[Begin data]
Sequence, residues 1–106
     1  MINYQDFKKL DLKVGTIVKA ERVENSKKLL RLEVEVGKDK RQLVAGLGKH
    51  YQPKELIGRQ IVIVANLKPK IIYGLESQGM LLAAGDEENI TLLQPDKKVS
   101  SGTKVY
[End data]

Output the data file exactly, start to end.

Sequence, residues 1–106
     1  MINYQDFKKL DLKVGTIVKA ERVENSKKLL RLEVEVGKDK RQLVAGLGKH
    51  YQPKELIGRQ IVIVANLKPK IIYGLESQGM LLAAGDEENI TLLQPDKKVS
   101  SGTKVY